Be aware of additional costs

If your reason for switching internet providers is budget-related, then you’re probably well aware of additional fees/costs. Remember to consider additional costs that aren’t necessarily advertised before making a switch, including:

Monthly equipment rental fees

When you sign up for internet service, you may be provided with equipment that you’ll have to pay a monthly rental fee for. This varies by ISP and some will allow you to provide your own equipment to save on monthly fees.

Data overages

Some ISPs put data caps on their plans. This means you may have to pay data overage fees if you exceed your monthly data limit. Many ISPs with overage fees charge about $10 for every additional 50GB of data you use. If you’re concerned about overage charges, make sure you opt for a speed plan that will fit your needs or look for a plan with no data limits.

Early termination charges

Many ISPs are moving away from long-term contracts, while others require 12-24 month agreements in order to lock in promotional prices. If you’re concerned that you won’t be able to fulfill a long-term contract, look for options that will allow you to go month-to-month.

Ask about contract buyout options

In the same way that mobile phone companies sometimes offer to buy out your existing cell phone contract in order to encourage you to switch, there is a possibility that your new ISP will buy out your existing contract, too. Companies including Verizon, Spectrum, and Suddenlink may pay up to $500 to your existing provider to fulfill your contract.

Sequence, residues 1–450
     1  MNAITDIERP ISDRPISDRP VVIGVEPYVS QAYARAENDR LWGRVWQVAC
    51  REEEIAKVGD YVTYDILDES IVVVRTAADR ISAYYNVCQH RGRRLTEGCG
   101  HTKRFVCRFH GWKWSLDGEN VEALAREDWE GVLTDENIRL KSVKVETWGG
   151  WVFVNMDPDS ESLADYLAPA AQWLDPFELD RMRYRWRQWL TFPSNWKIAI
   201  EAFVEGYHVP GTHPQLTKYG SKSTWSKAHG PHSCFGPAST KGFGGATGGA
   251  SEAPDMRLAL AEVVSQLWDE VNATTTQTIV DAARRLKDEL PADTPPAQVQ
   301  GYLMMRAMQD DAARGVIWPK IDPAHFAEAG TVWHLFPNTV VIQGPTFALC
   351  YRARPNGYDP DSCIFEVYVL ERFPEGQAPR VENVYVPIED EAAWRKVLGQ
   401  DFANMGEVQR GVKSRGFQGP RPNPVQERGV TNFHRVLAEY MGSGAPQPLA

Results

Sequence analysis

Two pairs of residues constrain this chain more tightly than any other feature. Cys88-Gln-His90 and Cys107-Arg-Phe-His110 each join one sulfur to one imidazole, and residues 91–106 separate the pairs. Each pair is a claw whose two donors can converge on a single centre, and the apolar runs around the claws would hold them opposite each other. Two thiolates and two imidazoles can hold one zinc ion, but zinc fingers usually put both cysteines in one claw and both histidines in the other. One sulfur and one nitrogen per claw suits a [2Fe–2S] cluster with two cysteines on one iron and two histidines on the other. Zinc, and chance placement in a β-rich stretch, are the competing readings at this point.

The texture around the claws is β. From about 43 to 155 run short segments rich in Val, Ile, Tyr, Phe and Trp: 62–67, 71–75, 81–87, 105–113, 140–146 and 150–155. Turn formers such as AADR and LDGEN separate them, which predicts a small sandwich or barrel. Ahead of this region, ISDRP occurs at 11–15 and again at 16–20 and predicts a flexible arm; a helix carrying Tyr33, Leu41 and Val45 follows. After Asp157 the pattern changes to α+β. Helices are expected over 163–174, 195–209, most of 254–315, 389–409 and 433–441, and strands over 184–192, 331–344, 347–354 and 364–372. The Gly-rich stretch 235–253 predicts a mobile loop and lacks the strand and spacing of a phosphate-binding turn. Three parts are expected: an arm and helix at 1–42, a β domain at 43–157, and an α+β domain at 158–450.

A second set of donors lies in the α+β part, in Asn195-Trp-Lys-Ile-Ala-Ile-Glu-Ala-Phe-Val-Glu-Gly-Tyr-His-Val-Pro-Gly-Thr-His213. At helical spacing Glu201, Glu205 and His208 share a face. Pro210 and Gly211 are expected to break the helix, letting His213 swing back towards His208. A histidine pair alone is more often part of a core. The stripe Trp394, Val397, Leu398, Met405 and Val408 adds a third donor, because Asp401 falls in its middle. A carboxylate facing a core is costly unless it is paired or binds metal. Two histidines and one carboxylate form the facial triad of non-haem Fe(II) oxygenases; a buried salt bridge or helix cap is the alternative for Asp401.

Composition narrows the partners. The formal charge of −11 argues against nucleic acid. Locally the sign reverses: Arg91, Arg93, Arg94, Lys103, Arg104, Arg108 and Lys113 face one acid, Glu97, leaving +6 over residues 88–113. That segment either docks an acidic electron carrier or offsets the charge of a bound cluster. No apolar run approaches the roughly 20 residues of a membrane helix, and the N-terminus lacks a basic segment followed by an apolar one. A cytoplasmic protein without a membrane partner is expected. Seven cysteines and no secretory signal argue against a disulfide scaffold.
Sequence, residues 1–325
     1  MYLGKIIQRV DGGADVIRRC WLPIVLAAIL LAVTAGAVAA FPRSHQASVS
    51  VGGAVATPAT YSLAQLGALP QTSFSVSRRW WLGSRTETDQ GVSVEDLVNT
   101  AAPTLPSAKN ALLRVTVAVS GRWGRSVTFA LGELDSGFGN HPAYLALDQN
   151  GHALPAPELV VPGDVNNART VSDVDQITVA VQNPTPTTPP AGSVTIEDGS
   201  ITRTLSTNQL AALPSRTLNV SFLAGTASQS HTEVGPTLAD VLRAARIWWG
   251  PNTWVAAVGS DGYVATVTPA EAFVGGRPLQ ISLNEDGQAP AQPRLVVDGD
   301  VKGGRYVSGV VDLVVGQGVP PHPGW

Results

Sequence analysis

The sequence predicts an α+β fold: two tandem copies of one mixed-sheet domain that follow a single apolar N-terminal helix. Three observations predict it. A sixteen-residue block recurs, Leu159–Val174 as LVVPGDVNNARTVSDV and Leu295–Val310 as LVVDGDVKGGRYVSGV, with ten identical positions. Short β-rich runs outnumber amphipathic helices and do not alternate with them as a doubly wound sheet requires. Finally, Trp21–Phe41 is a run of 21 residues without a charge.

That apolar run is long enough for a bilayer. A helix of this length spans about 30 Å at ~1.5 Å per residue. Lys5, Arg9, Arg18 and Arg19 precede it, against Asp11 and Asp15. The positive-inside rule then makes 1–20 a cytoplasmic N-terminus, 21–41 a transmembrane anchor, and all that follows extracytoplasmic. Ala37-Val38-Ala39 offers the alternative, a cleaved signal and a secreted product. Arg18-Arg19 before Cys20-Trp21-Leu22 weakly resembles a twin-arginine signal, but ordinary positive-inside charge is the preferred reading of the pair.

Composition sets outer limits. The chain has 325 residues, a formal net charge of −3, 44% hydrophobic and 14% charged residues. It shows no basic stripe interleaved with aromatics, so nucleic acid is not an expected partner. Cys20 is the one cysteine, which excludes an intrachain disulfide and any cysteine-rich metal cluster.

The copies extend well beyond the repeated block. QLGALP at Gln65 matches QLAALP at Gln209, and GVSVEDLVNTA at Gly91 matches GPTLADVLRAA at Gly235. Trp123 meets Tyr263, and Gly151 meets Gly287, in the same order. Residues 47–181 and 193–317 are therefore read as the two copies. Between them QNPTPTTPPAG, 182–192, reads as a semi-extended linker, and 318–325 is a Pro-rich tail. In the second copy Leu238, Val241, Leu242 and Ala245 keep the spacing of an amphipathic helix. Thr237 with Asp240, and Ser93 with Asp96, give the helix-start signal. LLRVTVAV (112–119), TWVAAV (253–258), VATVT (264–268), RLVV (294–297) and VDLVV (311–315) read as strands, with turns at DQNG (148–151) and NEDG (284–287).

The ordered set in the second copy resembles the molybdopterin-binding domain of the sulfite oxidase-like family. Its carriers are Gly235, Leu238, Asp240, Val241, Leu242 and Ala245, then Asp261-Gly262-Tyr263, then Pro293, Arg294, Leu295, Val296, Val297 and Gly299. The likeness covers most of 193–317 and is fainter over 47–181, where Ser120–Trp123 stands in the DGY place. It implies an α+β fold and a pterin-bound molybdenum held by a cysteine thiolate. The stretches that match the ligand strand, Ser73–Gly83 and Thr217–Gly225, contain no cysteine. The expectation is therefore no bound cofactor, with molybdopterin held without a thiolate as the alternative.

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Consider customer service ratings

Having an unpleasant customer service experience with any company can be difficult and frustrating. So if customer service is important to you, vetting an ISP’s customer service ratings can be important. Luckily, there are a few industry experts who’ve done the work for you.

A recent review of the Best Internet Service Providers of 2022 by CNET named Verizon best for customer care. A recent J.D. Power & Associates Internet Service Provider Satisfaction Study also named Verizon best overall, followed by Xfinity, Cox, Spectrum, Optimum, and Frontier.

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Signing a new internet contract

Before you switch internet providers and sign a new contract, the following tips will help you with the process so that you can feel confident with your decision.

Look for the additional fees

While the advertised introductory prices of ISPs can be very enticing, make sure you dig a little deeper to understand additional fees. Fees like installation fees, equipment rental fees, and data overage fees can add up quickly. Also, make sure you understand how long the introductory period lasts and what the price will be after it ends.

Find out if you can provide your own equipment